With the biggest challenge for the country since the Second World War swirling around us, why is the sector so silent? Brexit is the most important and fundamental political challenge for this cou ntry since 1945, so where are the voices of charities and the voluntary and community sector? To be silent is a mistake, and even an abdication of responsibility.
The sector should not stand aside from the Brexit debate. Of course, Brexit could yet be avoi ded and the Article 50 letter could be withdrawn, but it would be imprudent for the VCS to assume that this will be the case. I am not alone in being surprised at how silent the sector seems to be about Brexit, its causes and its consequences. Sir Stephen Bubb, former chief executive of Acevo , has tweeted to ask why charities are not speaking out on the dangers of a “hard Brexit” and even supporting the call for a people’s vote.
The call for a referendum might seem too political to some in the VCS, but the sector should be analysing and speaking up on how various permutations of any possible Brexit deal or even a “no deal” are likely to affect not just VCS organisations themselves but, more importantly, co mmunities across the country. If, as most economists predict, any form of Brexit leads to lower economic growth, a lower pound and less economic stability, there will be serious consequences for employment, living standards and public expenditure, with fur ther cuts to already austeritydamaged public services. The biggest adverse impact of any Brexit arrangement will fall on the most vulnerable in society and on the already most disadvantaged communities.
Further, if as result of Brexit the UK government we re to weaken the social and environmental benefits secured for us by the EU, it would be severely harmful to some of the poorest and most disadvantaged in our society. There would probably be a growth in precarious employment, but fewer people in work over certainly fewer in secure, wellpaid work. all and Local economies and communities will be deeply hurt if exports are reduced, if inward investment is cut and if companies relocate to one or more of the remaining 27 EU countries. Another economic consequ ence is that there will be less public and other money, because the sector itself faces the prospect of less public money being available for grants and contracts. And there is no guarantee that in the medium to long term the UK government will make good t he loss of European Social Fund and other funding from the EU that benefits both the sector directly and the communities they work with.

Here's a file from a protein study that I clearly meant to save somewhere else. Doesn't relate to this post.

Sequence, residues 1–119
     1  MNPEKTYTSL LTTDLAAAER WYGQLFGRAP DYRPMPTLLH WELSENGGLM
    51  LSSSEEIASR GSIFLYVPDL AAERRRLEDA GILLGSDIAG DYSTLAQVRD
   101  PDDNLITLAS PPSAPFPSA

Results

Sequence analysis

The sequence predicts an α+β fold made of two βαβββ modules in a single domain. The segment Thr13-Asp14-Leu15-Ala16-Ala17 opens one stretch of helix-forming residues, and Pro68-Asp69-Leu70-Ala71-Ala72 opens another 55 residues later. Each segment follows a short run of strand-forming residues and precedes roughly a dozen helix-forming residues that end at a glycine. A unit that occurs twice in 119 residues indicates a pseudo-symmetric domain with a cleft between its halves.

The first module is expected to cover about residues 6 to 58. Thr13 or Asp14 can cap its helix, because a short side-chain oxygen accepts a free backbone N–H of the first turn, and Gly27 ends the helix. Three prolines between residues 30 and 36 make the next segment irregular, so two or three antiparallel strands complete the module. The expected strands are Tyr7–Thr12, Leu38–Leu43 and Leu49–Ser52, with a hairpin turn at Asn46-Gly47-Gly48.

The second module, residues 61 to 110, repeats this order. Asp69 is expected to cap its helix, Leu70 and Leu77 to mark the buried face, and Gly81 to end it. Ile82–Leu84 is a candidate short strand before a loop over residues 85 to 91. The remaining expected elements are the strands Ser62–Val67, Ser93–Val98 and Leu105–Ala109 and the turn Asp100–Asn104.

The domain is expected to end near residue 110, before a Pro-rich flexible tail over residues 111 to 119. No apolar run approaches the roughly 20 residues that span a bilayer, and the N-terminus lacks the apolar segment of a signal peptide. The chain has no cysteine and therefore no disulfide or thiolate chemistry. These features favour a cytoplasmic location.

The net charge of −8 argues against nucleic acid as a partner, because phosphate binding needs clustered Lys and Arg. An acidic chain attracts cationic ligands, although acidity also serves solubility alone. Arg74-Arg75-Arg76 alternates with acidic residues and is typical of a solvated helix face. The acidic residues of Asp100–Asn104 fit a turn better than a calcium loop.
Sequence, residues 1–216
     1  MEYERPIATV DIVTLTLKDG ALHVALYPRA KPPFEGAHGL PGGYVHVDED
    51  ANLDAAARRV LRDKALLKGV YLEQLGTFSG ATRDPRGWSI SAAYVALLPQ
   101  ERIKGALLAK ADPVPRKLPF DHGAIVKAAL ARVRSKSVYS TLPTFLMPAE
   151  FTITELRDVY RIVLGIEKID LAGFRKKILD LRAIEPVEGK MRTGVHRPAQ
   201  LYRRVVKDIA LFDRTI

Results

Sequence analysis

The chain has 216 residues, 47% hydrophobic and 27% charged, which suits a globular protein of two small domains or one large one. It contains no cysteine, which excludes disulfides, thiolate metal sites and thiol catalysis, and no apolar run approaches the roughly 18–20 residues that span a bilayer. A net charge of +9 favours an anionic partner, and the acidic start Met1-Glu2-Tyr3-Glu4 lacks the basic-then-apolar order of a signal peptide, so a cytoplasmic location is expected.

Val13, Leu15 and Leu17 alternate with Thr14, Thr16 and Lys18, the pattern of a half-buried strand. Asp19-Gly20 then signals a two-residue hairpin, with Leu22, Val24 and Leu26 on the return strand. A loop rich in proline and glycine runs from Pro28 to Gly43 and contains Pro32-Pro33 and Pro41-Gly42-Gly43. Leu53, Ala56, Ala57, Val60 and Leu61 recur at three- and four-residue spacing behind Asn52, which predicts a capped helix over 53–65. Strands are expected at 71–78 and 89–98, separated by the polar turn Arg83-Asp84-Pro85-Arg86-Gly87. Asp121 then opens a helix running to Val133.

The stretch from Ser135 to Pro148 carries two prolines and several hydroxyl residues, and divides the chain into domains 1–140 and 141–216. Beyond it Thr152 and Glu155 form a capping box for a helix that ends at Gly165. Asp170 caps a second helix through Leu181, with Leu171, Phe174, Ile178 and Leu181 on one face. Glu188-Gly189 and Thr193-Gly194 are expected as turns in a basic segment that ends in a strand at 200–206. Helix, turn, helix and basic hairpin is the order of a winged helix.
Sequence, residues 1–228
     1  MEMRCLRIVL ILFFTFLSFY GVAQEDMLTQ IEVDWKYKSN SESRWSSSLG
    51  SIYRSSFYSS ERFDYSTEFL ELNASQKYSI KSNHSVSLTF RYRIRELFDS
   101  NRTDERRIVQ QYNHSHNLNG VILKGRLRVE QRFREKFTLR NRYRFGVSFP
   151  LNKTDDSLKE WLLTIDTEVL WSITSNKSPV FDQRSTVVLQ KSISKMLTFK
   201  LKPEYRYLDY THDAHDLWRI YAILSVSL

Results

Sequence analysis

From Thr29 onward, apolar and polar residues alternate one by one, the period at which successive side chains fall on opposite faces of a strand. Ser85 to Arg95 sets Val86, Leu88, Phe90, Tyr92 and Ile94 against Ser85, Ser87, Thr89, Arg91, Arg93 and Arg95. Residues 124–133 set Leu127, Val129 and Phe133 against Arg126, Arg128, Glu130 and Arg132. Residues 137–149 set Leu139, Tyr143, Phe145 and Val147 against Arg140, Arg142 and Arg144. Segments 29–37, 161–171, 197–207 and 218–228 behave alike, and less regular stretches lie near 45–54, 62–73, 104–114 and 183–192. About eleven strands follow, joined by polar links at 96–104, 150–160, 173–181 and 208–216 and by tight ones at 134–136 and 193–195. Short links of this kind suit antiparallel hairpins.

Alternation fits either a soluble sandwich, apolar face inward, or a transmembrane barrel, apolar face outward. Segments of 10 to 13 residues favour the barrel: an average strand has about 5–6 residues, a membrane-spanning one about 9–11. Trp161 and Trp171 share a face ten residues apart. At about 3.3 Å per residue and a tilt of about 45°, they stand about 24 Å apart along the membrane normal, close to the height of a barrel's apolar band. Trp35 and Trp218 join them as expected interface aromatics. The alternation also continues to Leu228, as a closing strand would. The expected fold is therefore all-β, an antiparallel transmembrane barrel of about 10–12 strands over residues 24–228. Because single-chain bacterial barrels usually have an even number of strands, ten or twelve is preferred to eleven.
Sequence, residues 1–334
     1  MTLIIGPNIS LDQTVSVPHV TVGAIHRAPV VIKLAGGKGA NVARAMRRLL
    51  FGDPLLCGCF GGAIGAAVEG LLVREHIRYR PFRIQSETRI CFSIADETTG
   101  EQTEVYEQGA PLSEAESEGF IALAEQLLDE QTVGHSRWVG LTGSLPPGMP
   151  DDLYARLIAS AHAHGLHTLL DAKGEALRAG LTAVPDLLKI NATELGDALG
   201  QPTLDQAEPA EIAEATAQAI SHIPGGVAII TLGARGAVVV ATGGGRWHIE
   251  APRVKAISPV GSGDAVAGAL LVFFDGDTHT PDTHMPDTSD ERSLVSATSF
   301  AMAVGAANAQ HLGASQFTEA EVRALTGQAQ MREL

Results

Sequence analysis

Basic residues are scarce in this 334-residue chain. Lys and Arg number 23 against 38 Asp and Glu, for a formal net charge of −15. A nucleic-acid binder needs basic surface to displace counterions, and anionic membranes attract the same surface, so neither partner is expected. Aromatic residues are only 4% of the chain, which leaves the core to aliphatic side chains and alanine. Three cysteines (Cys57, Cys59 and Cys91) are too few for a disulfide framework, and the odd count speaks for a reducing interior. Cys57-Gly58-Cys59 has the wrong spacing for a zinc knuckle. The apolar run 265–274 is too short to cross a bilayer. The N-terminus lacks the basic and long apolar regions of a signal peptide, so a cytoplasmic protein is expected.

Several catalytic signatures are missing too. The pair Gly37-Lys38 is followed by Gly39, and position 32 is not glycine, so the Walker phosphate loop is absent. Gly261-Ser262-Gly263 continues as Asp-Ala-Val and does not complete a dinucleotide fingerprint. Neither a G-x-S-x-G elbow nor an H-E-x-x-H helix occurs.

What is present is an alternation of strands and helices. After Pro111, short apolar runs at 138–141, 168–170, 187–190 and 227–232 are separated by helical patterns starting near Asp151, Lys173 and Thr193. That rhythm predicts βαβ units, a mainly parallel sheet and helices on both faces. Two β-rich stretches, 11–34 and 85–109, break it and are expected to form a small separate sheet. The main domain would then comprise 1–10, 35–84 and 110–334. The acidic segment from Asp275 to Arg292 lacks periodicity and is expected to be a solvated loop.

These funding threats – they are, more likely, realities – should be wake-up calls to all of us in the VCS. There are many other reasons for concern, such as the potential risk to medical supplies, staffing for key public services and the implications for travel and residency across the EU and the UK.
The VCS has views on these issues and should be making them heard. The country is deeply divided regionally, by social and economic class, and in many other ways. Inequality, poverty and division are increasing. Tolerance is being eroded. There is a crisis and this crisis in part undoubtedly influenced the outcome of the 2016 referendum. The referendum campaign sadly brought to life this observation about the country’s two nations from Benjamin Disraeli’s 1845 novel Sybil: “Two nations between whom there is no intercourse and no sympathy; who are as ignorant of each other’s habits, thoughts and feelings, as if they were… inhabitants of different planets.” Too many communities feel marginalised and that their voices are not listened to. The VCS has a proud history of challenging inequality and its causes.
It must do so today with ever-greater vigour. It has offered a voice for and enabled communities to give air to their own voices. It must do so today. Most worryingly, Brexit in whatever form will almost certainly make these social and economic problems worse. The VCS must say this and act accordingly. In the political discourse surrounding Brexit, the VCS voice needs to be heard alongside those of business and the trade unions. The sector should complement and, where necessary, counter their voices.
The VCS and its national bodies must seek to shape the Brexit debate, focusing on whether to continue with Brexit and, if it is to be pursued, on what terms. It must also make the case for systematic social and economic change for a fairer, more equal country, wherever we end up in respect of Brexit. The sector can do this by drawing on its values, its principles and the evidence it gathers from its daily experiences. Of course, the sector must avoid being partisan and choose when and how to intervene with care, but surely it cannot sit to one side while the biggest political challenge for more than 70 years swirls around us.